Yee haw or yee nah?

Alyssa Pearson

More stories from Alyssa Pearson

Halfway there
January 26, 2022

Luke Bryan. Florida Georgia Line. Blake Shelton. Carrie Underwood. These names and many more are either loved or hated; there is no in-between for students at Etowah. Country music is assumed to be the beloved anthem of the South, but many still go against this stereotype.

“It all sounds the same to me and is not as interesting as other styles,” Tessa Liles, senior, said.

Individuals who do not enjoy country music believe it is repetitive because it often talks about cowboy boots and big trucks. Many get an unexplainable feeling of irritation or annoyance when this music plays. A common belief is that it is overplayed, overhyped, and not considered to be good music for teens.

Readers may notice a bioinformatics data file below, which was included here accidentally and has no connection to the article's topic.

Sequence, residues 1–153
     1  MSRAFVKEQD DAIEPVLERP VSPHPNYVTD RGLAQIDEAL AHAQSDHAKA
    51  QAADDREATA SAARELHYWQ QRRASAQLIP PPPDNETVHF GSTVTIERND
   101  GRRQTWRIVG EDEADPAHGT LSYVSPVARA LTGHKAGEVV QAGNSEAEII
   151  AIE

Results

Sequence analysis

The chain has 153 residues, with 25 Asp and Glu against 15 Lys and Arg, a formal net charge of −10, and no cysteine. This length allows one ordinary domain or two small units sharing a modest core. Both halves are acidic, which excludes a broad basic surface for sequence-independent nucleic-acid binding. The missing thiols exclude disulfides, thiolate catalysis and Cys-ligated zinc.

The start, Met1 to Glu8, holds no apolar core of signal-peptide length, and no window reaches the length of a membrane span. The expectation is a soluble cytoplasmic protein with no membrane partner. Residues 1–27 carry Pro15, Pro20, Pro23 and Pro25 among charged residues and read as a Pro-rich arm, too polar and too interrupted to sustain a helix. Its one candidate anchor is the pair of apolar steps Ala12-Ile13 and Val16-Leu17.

“I do not like the accent singers use. I also do not like the vibe of the music,” Sawyer Lofstrom, sophomore, said.

On the other hand, some believe country music is enjoyable to listen to. Whether they are turning on the radio or attending a concert, these students intentionally spend their time appreciating country music.

“I attended the Thomas Rhett Countryside concert. It was so much fun to finally see a performer on the stage since COVID-19, and I enjoyed hearing his new album. I love country music because it gives such a good story within every song,” Julia Jensen, junior, said.

Country music can be considered a controversial topic at Etowah with opinions ranging from pure love to disgust. If someone does not enjoy this style of music should avoid 94.9 The Bull station; and if one does love country, turn up the radio, and sing along.